Do you sometimes feel that you're not making any progress at the gym? Perhaps you're not achieving the results you want even though you're following a hypertrophy programme. Well, it might not just be about how much effort you're putting in—it could be because of your gender and, more specifically, your hormones.
Men and women have different hormone cycles that can impact their exercise performance and how they should track progress at the gym. Let's take a closer look at these hormone cycles, how they work, and how you can optimise the way you track your progress at the gym to ensure you don't get demotivated by misleading results.
Men's 24-hour hormone cycle
Men have a relatively stable hormone cycle each day, with only minor variations in testosterone levels every 24 hours. I've written before about testosterone and the important role it plays in muscle growth, bone density, and libido.
Consistent testosterone levels can mean that men have relatively consistent energy levels and exercise performance each day, however, this performance is dependent on consistently high testosterone levels.
A great way to keep levels high is to focus on lifting heavy weights and progressively increasing the intensity and volume of your workouts over time to help ensure strength gains and muscle growth. This is especially important after ages 30 and 60.
Tracking progress for men
When testosterone levels are high, men may experience better and more consistent strength, endurance, and recovery times. This can translate to faster gains, the ability to train similar muscle groups more frequently, and more linear progression in the gym.
Due to the consistency of men's hormone cycles, they have the option to track progress weekly or even daily. However, it's important to give muscle groups enough time to recover (usually 2–3 days) after intense exercise each week, which will allow time for blood to flow to muscles and help facilitate muscle repair.
Women's monthly hormone cycle
Women are a whole different story. Women have a more complex hormone cycle that involves variations in several different hormones, including estrogen and progesterone. The levels of these hormones rise and fall throughout the menstrual cycle, which commonly lasts approximately 28 days. This is only relevant for women who have not yet gone through menopause, which marks the end of their menstrual cycle.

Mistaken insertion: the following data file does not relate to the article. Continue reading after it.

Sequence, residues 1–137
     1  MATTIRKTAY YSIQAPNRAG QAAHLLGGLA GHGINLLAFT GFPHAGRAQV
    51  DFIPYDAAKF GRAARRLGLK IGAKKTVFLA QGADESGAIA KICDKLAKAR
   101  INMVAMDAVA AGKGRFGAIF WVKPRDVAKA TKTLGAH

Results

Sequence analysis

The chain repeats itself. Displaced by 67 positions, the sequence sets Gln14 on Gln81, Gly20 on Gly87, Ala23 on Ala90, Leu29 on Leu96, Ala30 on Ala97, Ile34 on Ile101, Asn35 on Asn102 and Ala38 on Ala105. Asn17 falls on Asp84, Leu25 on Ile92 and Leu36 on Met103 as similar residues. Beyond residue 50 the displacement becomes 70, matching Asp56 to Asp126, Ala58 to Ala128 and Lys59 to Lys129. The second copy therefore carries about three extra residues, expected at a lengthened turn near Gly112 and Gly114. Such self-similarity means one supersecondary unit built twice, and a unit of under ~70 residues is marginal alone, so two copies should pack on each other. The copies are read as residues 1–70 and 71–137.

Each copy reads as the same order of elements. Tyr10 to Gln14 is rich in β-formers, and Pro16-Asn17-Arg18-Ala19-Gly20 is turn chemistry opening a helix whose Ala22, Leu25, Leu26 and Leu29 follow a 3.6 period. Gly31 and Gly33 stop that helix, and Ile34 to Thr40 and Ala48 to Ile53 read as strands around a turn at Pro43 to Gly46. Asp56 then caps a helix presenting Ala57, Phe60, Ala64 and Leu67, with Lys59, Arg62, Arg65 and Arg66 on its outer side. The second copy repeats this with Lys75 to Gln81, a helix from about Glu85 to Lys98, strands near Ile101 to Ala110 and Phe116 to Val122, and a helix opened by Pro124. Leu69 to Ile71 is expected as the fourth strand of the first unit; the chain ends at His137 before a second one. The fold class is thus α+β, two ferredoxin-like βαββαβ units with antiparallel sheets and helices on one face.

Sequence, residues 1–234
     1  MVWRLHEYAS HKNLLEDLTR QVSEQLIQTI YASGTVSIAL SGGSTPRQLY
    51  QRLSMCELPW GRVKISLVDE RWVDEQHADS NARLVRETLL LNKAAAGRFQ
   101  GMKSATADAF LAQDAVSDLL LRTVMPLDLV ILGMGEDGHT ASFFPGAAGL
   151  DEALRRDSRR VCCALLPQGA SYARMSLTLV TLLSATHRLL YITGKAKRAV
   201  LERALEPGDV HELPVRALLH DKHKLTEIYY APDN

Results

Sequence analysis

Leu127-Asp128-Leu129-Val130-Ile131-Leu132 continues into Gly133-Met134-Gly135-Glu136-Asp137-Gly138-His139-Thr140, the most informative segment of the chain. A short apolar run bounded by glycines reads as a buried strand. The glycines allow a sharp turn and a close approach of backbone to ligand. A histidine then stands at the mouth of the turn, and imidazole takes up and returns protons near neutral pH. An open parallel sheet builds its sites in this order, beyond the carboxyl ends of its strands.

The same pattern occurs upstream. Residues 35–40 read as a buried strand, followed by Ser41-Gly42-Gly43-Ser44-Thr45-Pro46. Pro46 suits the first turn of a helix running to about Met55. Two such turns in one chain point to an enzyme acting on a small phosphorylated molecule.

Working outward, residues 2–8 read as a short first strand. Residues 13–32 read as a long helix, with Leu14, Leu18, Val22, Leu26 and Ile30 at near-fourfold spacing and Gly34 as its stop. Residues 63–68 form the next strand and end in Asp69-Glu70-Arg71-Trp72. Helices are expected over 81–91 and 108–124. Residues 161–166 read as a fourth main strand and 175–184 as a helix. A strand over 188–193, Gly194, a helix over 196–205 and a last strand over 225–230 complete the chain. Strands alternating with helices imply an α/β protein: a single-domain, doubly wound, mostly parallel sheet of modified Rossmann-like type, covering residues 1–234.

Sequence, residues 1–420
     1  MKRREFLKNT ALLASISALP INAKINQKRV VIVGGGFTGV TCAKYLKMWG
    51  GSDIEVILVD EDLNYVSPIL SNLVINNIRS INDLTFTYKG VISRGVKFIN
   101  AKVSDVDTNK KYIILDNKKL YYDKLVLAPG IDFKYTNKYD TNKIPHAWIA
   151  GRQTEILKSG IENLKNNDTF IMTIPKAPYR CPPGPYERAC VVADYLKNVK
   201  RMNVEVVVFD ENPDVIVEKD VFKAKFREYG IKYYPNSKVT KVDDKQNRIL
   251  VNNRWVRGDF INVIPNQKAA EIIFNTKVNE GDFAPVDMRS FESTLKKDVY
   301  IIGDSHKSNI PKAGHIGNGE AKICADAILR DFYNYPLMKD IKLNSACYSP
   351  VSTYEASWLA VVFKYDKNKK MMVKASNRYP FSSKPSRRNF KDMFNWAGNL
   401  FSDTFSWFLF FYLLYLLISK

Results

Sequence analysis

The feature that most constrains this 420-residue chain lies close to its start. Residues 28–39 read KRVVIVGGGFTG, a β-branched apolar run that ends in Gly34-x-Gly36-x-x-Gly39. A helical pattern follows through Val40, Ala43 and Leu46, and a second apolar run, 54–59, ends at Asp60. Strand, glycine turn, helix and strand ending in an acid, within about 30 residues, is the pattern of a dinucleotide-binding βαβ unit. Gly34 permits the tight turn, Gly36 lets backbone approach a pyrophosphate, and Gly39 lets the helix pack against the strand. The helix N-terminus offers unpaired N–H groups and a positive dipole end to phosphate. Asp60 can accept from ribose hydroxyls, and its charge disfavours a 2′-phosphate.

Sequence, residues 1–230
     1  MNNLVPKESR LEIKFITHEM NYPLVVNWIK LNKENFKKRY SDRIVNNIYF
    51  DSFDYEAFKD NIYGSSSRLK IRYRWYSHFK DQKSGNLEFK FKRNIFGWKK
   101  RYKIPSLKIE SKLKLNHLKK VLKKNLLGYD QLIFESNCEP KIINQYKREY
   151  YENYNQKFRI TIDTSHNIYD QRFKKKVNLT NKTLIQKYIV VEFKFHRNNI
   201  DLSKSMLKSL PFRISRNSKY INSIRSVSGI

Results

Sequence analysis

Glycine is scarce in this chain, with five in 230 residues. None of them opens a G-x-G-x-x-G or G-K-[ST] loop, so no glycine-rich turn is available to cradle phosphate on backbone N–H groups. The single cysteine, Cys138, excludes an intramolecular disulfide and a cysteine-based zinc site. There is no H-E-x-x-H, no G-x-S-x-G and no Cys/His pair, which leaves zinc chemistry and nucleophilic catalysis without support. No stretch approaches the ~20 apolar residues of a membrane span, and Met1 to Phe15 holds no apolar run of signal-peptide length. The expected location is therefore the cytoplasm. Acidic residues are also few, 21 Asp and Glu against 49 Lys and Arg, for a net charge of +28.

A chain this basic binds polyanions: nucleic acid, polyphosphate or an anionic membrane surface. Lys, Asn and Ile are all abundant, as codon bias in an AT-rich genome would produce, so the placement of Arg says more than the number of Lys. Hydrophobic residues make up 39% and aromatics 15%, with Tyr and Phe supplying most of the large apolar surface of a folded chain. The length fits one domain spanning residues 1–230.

For those that aren't aware (men), the menstrual cycle can be divided into 4 phases:
Menstrual phase: The start of the cycle that typically lasts 3–7 days.
Follicular phase: Starts after the menstrual phase and lasts about 9–13 days.
Ovulatory phase: This typically occurs around day 14 of a 28-day cycle (this is when a woman is most fertile).
Luteal phase: The last phase of the cycle lasts about 14 days.
During the follicular phase, rising estrogen levels can increase energy levels and improve exercise performance. After the first couple of days, you will experience your best days of training, which culminate in your peak performance around the ovulatory phase. This a great time to focus on higher-intensity exercises as well as push for personal bests (PBs).
However, during the luteal phase, some women may experience premenstrual syndrome, which is the name for symptoms a woman can experience in the weeks before their period. Symptoms can be debilitating and can include fatigue, bloating, and mood changes, which can have a significant impact on exercise performance.
During these 14 days, women must listen to their bodies and adjust their workouts as needed. This is a great time to switch to maintenance mode, don't beat yourself up if your performance is hindered. Focus on lower-intensity exercises, or simply reduce the intensity of exercises, such as weightlifting machines or movements that require less coordination.
Tracking progress for women
Due to the complexity of women's hormone cycles, it's important to take a longer-term approach when tracking progress. While men may choose to focus on week-to-week gains at the gym, women should consider tracking progress over a longer period, such as a month or even several months. Do not plan to maintain high-level training for all 4 weeks of the month—you're just setting yourself up for failure.
To do this properly, it is essential to keep a workout journal or use an app to track workouts and progress each month and compare your progress from the same week in the previous month. For example, if you're tracking your progress in squats, rather than comparing 2 consecutive weeks, compare your performance in week 1 of this month to week 1 of last month.
Comparing over a longer period will allow you to account for variations in hormone levels as well as premenstrual syndrome. This will give you a better sense of the gains you make over time and help you better understand your body and how its differences impact your workouts.
And don't forget to celebrate your progress! Even small gains will add up over time.
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